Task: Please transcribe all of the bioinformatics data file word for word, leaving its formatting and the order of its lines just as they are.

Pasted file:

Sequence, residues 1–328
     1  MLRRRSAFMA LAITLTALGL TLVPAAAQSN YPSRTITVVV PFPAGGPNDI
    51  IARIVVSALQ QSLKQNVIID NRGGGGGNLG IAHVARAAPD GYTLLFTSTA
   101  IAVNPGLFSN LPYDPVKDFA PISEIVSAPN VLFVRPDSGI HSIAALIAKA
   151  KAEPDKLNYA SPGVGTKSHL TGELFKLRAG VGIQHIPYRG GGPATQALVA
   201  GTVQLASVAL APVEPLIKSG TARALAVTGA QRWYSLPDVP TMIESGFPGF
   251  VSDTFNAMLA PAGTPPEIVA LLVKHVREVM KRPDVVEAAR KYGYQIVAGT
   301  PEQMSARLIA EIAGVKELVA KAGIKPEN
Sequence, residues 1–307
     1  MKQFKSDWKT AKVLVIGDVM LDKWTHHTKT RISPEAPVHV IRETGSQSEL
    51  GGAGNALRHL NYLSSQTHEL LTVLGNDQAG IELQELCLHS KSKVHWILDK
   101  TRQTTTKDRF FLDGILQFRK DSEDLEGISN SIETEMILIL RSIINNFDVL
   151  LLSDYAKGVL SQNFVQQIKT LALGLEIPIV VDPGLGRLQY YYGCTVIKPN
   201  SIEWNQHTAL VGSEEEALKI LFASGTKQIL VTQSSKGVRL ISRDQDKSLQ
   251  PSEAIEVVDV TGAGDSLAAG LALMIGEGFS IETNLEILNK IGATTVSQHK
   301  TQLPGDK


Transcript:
Sequence, residues 1–328
     1  MLRRRSAFMA LAITLTALGL TLVPAAAQSN YPSRTITVVV PFPAGGPNDI
    51  IARIVVSALQ QSLKQNVIID NRGGGGGNLG IAHVARAAPD GYTLLFTSTA
   101  IAVNPGLFSN LPYDPVKDFA PISEIVSAPN VLFVRPDSGI HSIAALIAKA
   151  KAEPDKLNYA SPGVGTKSHL TGELFKLRAG VGIQHIPYRG GGPATQALVA
   201  GTVQLASVAL APVEPLIKSG TARALAVTGA QRWYSLPDVP TMIESGFPGF
   251  VSDTFNAMLA PAGTPPEIVA LLVKHVREVM KRPDVVEAAR KYGYQIVAGT
   301  PEQMSARLIA EIAGVKELVA KAGIKPEN
Sequence, residues 1–307
     1  MKQFKSDWKT AKVLVIGDVM LDKWTHHTKT RISPEAPVHV IRETGSQSEL
    51  GGAGNALRHL NYLSSQTHEL LTVLGNDQAG IELQELCLHS KSKVHWILDK
   101  TRQTTTKDRF FLDGILQFRK DSEDLEGISN SIETEMILIL RSIINNFDVL
   151  LLSDYAKGVL SQNFVQQIKT LALGLEIPIV VDPGLGRLQY YYGCTVIKPN
   201  SIEWNQHTAL VGSEEEALKI LFASGTKQIL VTQSSKGVRL ISRDQDKSLQ
   251  PSEAIEVVDV TGAGDSLAAG LALMIGEGFS IETNLEILNK IGATTVSQHK
   301  TQLPGDK